Listeriosis in Newborns
Listeriosis in newborns can be acquired in the womb or during or after delivery.
Symptoms vary but may include listlessness and poor feeding.
The diagnosis is confirmed by identifying the bacteria in a sample of blood or other material taken from the newborn and mother.
Some newborns die from the infection.
Pregnant women should avoid certain foods and properly wash their hands and kitchen equipment after handling uncooked foods.
Antibiotics can cure the infection.
The Listeria monocytogenes bacteria resides in the intestine of some people and many animals worldwide. Unlike many other organisms, it survives well at refrigerator temperatures.
Pregnant women can become infected if they eat contaminated food. These foods include unpasteurized dairy products, soft cheeses, raw vegetables, prepared deli meats and salads, refrigerated meat spreads, or smoked seafood. Fetuses become infected if Listeria monocytogenes crosses the placenta (the organ that provides nourishment to the fetus) during pregnancy. Newborns may become infected during or after delivery.
Pregnant women with listeriosis may show no symptoms, or they may have symptoms resembling the flu (for example, chills, fever, and muscle aches).
In fetuses and newborns, symptoms of listeriosis are like those of sepsis (a blood infection) and include listlessness and poor feeding. Symptoms may appear within hours or days of birth (called early onset) or may be delayed up to several weeks (called late onset). Newborns who have symptoms that appear early frequently have a low birth weight, problems at delivery, and symptoms of sepsis soon after birth. Newborns who have symptoms that appear late are usually full-term and initially healthy but then develop meningitis (a brain infection) or sepsis.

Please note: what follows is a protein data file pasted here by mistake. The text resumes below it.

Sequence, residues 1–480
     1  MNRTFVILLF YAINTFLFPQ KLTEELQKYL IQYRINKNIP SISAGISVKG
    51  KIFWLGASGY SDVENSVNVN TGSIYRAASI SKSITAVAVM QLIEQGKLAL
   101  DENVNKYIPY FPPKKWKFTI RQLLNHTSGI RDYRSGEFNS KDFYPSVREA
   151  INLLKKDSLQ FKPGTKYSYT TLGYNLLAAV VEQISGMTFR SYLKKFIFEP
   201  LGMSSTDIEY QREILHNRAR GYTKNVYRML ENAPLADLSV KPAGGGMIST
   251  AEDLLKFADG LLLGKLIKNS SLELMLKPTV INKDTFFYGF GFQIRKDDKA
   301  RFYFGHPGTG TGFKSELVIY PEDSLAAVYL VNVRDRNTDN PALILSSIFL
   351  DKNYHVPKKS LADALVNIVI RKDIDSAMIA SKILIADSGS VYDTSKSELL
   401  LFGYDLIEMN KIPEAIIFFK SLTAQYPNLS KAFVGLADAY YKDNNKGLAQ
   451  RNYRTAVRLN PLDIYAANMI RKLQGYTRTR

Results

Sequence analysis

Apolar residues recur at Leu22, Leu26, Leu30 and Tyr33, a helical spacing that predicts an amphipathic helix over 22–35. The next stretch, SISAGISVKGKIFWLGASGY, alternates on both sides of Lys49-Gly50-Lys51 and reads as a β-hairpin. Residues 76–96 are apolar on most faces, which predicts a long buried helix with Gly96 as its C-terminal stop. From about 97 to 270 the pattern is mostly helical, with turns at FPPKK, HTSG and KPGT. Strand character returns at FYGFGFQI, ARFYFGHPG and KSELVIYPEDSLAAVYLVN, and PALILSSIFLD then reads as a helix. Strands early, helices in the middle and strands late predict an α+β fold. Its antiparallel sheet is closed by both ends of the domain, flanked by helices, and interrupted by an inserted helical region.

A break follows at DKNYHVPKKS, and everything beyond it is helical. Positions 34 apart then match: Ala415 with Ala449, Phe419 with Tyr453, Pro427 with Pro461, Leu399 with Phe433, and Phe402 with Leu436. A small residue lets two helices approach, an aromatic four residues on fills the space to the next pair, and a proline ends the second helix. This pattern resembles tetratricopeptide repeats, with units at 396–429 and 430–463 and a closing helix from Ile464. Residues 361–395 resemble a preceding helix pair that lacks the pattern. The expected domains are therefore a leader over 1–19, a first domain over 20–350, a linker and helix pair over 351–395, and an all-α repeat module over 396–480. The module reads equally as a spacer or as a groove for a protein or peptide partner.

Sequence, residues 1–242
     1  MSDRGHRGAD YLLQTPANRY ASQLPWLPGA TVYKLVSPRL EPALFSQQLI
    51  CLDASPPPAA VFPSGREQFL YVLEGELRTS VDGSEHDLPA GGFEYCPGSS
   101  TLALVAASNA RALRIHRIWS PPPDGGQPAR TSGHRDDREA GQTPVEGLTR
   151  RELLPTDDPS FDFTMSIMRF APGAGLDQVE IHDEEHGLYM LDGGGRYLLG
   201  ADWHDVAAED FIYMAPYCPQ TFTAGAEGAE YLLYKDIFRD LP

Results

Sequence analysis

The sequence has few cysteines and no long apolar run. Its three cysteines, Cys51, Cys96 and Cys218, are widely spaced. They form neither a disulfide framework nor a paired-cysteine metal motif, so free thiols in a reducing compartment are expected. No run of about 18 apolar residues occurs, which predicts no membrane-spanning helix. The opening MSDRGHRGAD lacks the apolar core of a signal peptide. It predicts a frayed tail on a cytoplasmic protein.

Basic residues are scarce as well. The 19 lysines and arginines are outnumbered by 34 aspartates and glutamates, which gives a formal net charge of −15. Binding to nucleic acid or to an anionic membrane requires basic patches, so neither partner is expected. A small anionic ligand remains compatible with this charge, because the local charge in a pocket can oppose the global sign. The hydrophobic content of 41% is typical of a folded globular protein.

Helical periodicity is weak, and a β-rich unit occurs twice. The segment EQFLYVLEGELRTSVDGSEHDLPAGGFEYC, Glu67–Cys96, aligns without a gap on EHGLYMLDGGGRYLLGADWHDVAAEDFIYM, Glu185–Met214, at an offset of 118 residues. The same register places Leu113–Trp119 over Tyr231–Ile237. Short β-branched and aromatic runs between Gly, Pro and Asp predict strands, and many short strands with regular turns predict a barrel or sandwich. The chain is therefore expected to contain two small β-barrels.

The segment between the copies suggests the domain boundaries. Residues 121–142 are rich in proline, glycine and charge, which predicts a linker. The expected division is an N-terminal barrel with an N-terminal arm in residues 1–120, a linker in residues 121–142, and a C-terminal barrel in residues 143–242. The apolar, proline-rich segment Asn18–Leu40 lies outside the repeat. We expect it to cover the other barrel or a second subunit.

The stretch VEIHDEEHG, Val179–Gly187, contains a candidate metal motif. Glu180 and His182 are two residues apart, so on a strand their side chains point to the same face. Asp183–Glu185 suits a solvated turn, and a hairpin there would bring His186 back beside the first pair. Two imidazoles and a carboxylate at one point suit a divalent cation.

In pregnant women who have a fever, samples of blood, material from the cervix, and amniotic fluid may be removed and tested for Listeria monocytogenes.
If a newborn is sick, samples of blood and spinal fluid (obtained with a spinal tap—see figure How a Spinal Tap Is Done) are collected and tested for Listeria monocytogenes. If a newborn is sick and the mother definitely had listeriosis, samples of blood and spinal fluid in addition to fluid from the stomach, meconium (fecal material that is produced in the intestine before birth), and infected tissues are also collected and tested for Listeria monocytogenes.
The samples are sent to a laboratory to grow (culture) the bacteria or to undergo the polymerase chain reaction (PCR) test. The PCR test looks for the genetic material of the bacteria and enables doctors to rapidly identify the bacteria. Identifying the bacteria in a sample confirms the diagnosis.
Pregnant women should avoid the types of foods that are more likely to be contaminated by Listeria monocytogenes. Foods to avoid include unpasteurized dairy products, soft cheeses, raw vegetables, prepared deli meats and salads, refrigerated meat spreads, and smoked seafood. Proper food handling, in particular separating uncooked meats from other items during preparation, and washing hands, utensils, and cutting boards after handling uncooked foods are critical.
If listeriosis is diagnosed during pregnancy, doctors may treat pregnant women before delivery or at delivery with antibiotics to help prevent transmission, but the usefulness of such treatment is unproved.